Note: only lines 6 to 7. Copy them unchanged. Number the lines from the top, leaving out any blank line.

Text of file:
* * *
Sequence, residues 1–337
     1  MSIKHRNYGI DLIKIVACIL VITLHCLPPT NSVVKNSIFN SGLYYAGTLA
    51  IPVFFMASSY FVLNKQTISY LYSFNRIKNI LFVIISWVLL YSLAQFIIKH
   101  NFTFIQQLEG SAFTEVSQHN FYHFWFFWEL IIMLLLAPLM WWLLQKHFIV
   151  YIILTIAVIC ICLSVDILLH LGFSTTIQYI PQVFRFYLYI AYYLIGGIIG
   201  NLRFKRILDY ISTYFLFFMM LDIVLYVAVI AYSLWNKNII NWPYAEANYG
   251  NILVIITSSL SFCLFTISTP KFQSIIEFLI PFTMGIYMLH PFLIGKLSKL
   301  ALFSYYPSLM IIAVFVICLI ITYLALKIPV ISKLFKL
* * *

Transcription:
   201  NLRFKRILDY ISTYFLFFMM LDIVLYVAVI AYSLWNKNII NWPYAEANYG
   251  NILVIITSSL SFCLFTISTP KFQSIIEFLI PFTMGIYMLH PFLIGKLSKL